• 8. There is no divergence in prevalence or quantities of cigarettes smoked trends in BC between 2004 and 2005 compared with 1999–2004 (H0: β6 = 0).
  • 9. The divergence in prevalence or quantities of cigarettes smoked trends between 2004 and 2005 compared with 1999–2004 is the same for BC as it is for the rest of Canada (H0: β5 = β6).

Equation (1) is estimated for the entire CTUMS sample (except February 2005), for the target subgroup (individuals aged 20–34 without a university degree), and for nontarget subgroup, allowing a test of the hypotheses 7 to 9 for the full sample and for the subgroups. The question of whether the campaign affected smoking can thus be examined for the entire population, for the subgroups targeted by the campaign, and for the subgroups not targeted by the campaign.

The question of why the target population is doing poorly is then examined by looking ways in which the target population is more likely to be exposed to cigarette smoking than the nontarget population. Likelihood of exposure is discussed in the context of peer groups, workplace smoking incidence, and leisure activities.

Except for tabulations used to generate Figure 1, OLS with the Huber-White robust estimator for variance is used to produce estimates of trends and quantity smoked. Probit and logistic regressions are used along with OLS to estimate the impact of workplace restrictions on prevalence. All estimates control for sample weights.

Smoking Prevalence BC and Rest of Canada 1999–2005 (CTUMS).


British Columbia and rest of Canada recent smoking trends

Figure 1 illustrates smoking prevalence in BC and the rest of Canada by year since 1999, using CTUMS data. Data for 2005 are restricted to the first half of the year. Although the trend has generally been for a consistent decline from one year to the next, data for the first half of 2005 suggest that BC fared relatively better for 2005 than did the rest of Canada. In particular, smoking prevalence increased in the first half of 2005 compared with 2004 in the rest of Canada, whereas it declined for BC, possibly at a rate higher than the average. Series for the average number of cigarettes smoked per day display an almost identical pattern to the ones in Figure 1 and are not shown here. With BC potentially faring better after the campaign than the rest of Canada, the trend suggests that the media campaign may indeed have been effective.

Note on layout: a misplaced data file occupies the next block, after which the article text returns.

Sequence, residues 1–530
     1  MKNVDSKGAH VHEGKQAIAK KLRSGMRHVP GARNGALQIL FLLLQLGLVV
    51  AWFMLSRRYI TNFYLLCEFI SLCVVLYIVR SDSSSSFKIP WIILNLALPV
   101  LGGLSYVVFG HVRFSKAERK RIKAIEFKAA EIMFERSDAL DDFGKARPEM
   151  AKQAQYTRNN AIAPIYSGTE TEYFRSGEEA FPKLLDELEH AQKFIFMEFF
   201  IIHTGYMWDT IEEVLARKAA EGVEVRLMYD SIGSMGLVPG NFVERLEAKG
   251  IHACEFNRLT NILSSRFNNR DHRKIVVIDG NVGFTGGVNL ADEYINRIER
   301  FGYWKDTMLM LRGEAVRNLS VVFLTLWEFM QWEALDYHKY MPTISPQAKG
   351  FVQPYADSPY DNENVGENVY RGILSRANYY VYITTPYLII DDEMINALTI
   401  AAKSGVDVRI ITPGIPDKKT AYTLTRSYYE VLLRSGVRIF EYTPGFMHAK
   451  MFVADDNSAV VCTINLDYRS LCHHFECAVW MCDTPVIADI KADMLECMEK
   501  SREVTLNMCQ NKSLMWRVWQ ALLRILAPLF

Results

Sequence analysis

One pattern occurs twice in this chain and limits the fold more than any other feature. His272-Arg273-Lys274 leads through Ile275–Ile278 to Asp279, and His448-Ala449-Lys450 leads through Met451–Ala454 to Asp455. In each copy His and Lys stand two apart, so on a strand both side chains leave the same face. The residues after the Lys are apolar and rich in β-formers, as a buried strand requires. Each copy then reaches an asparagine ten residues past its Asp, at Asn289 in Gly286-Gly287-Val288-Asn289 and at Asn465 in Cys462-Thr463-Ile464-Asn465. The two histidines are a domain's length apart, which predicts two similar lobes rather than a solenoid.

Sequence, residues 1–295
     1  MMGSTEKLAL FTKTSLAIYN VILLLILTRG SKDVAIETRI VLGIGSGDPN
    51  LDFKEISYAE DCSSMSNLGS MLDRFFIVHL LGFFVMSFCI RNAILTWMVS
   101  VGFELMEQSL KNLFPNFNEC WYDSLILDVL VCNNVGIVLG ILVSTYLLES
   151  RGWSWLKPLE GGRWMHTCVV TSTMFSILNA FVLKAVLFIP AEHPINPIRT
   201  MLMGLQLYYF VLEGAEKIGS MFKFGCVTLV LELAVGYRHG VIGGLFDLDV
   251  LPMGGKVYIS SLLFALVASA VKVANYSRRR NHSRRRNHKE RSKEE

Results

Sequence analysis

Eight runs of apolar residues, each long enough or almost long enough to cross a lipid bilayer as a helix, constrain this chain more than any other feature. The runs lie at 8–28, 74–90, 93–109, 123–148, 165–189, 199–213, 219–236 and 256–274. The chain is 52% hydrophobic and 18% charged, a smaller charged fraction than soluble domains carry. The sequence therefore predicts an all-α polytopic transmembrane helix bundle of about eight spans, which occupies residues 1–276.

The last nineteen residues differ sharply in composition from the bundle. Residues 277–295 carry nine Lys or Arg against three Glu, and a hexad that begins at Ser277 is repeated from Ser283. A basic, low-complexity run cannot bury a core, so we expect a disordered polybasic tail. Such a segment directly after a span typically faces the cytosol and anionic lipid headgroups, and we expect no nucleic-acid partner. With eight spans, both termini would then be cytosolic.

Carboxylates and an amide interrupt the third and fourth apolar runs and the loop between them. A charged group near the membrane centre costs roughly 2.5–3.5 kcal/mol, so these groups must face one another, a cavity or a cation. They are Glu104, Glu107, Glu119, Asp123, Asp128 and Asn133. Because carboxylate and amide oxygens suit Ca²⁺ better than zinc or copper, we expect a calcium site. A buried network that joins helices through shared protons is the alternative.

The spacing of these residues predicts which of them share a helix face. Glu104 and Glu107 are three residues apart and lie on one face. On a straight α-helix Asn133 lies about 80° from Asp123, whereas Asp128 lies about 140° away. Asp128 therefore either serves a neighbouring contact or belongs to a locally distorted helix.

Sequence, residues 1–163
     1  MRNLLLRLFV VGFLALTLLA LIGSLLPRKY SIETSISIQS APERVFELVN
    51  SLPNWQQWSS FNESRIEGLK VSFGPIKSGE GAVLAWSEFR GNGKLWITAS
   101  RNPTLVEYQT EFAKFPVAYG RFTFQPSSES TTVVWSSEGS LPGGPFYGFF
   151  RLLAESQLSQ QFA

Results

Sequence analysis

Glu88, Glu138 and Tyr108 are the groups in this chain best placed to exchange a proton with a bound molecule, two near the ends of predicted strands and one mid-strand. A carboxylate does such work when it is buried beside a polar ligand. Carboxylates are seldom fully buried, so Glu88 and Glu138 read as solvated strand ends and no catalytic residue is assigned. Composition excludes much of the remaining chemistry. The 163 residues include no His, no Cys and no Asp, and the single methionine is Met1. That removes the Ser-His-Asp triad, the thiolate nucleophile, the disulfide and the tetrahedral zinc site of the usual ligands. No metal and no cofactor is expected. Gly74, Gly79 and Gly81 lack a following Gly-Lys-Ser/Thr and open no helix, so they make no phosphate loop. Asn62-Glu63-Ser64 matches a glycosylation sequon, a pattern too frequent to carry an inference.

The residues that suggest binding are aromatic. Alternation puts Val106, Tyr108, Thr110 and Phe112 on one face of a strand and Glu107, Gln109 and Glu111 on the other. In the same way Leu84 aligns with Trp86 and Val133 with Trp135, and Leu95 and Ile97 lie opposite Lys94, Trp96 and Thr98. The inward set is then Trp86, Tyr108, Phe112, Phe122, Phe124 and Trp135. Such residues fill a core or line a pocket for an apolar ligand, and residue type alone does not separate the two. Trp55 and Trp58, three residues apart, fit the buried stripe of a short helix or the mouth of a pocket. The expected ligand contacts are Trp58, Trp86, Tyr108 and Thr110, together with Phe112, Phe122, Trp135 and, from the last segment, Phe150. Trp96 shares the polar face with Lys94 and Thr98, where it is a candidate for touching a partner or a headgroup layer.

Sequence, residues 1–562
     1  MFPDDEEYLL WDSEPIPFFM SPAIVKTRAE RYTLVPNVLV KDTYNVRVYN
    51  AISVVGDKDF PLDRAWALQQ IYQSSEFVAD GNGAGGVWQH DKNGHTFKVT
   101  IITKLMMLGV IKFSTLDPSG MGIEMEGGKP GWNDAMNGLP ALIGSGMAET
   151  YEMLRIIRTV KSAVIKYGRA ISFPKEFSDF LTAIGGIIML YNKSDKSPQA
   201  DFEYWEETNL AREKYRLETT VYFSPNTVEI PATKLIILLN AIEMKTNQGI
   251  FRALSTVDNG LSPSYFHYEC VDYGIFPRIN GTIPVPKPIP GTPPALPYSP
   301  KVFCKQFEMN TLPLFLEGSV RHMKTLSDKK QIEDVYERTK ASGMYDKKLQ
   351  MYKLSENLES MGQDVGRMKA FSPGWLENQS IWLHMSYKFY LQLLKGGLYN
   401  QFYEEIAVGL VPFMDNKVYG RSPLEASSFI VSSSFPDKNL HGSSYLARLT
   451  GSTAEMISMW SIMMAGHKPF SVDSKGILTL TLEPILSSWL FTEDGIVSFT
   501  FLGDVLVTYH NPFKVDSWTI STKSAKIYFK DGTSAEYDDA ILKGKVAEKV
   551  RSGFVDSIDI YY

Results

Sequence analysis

Table 1 shows smoking prevalence rates in BC and the rest of Canada, shortly before (July 2004–December 2004) and during and after (March 2005–June 2005) the campaign, along with average changes in prevalence over the period between 1999 and 2004, using CTUMS data. Table 2 shows the average number of cigarettes smoked per day in BC and the rest of Canada, shortly before and during and after the campaign, along with average changes in daily quantity smoked over the period between 1999 and 2004, also using CTUMS data. Hypotheses 1 to 6 outlined in the “Methods” section are identified by their numbers in Tables 1 and 2 beside their P values.

Results given in Table 1 suggest that smoking prevalence in BC did not decline significantly after the mass media campaign. Reported prevalence fell 0.2 percentage points in BC between the last half of 2004 and March to June of 2005. For the rest of Canada, however, reported prevalence increased by 1.8 of a percentage point over the same period. However, neither of these estimates is statistically significant and the null hypothesis that the change in BC was equal to the change in the rest of Canada cannot be rejected (P = .44).

The bottom part of Table 1 shows estimates of long-term trends in smoking prevalence for BC and the rest of Canada. Estimates indicate that the annual percentage point decline in prevalence is 0.9 for BC and 1.1 for the rest of Canada, although these estimates are not statistically different (P = .51).